• Raise the quality of teaching and learning from good to outstanding, in order to
    increase pupils' progress further, by:
    consistently assessing pupils' work during lessons in order to give them short-
    term targets for small steps in improvement
    moving pupils on to new group targets in literacy and numeracy, as soon as they
    are ready.
Outcomes for individuals and groups of pupils 2

Most year groups started school with the expected levels of skills when they joined the
Reception class. In the past, there has been a trend of good progress in the Reception
Year and Years 1 and 2, with some inadequate progress in Years 3 to 6, resulting in only
average attainment by the end of Year 6. This has now changed significantly and
improved teaching has accelerated progress to outstanding in the Reception Year and
good in Years 3 to 6. Pupils of different abilities, those from different backgrounds, and
girls and boys make similar progress to each other.
High-quality work was seen in many lessons. In an information and communication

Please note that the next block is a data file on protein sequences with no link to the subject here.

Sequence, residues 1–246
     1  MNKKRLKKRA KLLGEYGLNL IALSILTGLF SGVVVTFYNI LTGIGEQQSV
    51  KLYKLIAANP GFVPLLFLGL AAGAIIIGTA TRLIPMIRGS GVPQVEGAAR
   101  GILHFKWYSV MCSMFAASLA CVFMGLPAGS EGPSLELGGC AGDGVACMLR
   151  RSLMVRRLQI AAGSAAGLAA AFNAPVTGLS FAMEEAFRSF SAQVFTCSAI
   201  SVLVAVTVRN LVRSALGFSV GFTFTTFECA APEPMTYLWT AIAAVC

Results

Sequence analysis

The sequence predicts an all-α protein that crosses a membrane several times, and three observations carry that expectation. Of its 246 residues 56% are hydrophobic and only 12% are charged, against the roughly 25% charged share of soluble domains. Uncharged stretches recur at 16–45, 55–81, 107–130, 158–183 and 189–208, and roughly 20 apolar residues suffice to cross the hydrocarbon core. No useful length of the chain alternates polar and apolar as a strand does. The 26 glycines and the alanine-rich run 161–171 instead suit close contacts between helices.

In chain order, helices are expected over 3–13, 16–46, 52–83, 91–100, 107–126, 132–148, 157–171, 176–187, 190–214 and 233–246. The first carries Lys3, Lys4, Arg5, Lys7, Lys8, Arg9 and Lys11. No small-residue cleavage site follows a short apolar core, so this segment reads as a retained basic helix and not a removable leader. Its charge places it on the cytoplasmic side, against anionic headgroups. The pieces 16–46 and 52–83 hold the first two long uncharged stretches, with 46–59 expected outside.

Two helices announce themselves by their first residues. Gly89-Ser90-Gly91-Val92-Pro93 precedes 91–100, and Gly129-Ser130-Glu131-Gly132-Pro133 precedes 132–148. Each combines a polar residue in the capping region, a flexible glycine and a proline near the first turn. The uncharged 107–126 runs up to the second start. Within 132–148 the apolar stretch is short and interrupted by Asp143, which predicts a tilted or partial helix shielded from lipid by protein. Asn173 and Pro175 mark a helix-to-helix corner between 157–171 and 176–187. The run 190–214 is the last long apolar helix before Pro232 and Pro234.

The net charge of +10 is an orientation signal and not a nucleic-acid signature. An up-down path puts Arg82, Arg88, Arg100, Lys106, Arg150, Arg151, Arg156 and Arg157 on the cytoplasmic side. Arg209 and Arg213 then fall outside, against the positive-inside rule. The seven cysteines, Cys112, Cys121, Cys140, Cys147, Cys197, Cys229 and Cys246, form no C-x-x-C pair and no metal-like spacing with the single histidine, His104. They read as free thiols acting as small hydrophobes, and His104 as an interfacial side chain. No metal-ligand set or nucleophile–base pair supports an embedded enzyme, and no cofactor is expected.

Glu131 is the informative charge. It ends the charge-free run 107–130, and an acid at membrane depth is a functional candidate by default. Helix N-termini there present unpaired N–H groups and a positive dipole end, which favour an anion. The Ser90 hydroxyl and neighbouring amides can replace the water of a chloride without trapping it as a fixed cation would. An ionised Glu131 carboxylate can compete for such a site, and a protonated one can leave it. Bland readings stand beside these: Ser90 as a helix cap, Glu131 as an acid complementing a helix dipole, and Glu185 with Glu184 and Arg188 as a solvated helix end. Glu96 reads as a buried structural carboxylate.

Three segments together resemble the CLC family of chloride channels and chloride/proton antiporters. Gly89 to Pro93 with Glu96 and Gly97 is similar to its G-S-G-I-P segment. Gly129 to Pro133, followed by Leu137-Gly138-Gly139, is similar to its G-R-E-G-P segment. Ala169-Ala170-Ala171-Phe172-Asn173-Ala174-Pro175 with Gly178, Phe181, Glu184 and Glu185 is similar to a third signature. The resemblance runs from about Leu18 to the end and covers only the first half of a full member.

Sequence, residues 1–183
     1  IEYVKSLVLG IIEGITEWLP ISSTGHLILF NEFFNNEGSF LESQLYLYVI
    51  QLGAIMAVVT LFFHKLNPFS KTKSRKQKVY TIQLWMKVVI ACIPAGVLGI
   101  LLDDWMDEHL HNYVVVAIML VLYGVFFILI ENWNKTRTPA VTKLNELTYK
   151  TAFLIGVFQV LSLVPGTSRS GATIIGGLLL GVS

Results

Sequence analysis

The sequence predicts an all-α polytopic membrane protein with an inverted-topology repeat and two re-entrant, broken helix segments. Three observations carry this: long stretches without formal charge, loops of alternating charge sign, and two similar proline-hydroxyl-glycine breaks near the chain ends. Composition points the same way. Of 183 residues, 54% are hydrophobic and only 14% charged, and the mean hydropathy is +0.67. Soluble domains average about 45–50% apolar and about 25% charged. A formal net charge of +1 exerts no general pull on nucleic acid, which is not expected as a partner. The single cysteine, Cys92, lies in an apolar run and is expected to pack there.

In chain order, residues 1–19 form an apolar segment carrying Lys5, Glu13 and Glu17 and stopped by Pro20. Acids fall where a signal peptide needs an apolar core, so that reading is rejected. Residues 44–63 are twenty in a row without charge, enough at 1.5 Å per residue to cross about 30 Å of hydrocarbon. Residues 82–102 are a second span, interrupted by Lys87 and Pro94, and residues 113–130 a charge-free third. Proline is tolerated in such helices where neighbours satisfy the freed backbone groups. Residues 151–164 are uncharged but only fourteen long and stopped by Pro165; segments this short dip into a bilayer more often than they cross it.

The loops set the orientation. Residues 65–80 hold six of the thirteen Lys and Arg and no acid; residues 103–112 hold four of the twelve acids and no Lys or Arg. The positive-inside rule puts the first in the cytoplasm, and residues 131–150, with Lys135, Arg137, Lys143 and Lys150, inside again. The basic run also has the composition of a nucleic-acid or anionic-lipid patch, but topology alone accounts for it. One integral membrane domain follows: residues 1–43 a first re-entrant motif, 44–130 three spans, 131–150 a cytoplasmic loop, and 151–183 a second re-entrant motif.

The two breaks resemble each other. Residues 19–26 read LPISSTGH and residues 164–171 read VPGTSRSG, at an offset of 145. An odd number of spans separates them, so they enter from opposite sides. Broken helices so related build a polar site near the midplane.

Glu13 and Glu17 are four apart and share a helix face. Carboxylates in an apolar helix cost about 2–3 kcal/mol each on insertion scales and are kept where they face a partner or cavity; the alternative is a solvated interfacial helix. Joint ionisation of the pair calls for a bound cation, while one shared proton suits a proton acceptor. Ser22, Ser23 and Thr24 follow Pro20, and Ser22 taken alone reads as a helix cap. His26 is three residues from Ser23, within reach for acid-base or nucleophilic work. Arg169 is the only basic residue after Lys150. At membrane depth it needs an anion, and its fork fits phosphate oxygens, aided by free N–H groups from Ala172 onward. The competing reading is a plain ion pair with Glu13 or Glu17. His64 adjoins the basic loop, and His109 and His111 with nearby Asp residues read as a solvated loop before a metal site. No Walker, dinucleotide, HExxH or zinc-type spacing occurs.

technology (ICT) lesson, Year 5 pupils worked enthusiastically and successfully, showing
sophisticated skills as they improved their multimedia presentations with voice-overs and
used fading for a transition between images. Year 3 pupils demonstrated higher-than-
expected levels of knowledge and understanding when they identified adverbial phrases
accurately in a short story. Pupils' enthusiasm for learning, as well as their confidence,
was very evident. Pupils are aware of how well they are doing. When Year 1 pupils talked
to an inspector about their topic work, one said that the teacher was right when he
recorded at the bottom of each piece of work that the learning objective had been
Pupils feel safe in school and this view is shared by parents and carers. They enjoy
physical activity and explain well how this and healthy eating form the basis of a healthy

lifestyle. The impressive number of pupils who walk or ride bicycles or scooters to school

reflects their desire to be healthy. Those pupils with special responsibilities, for example as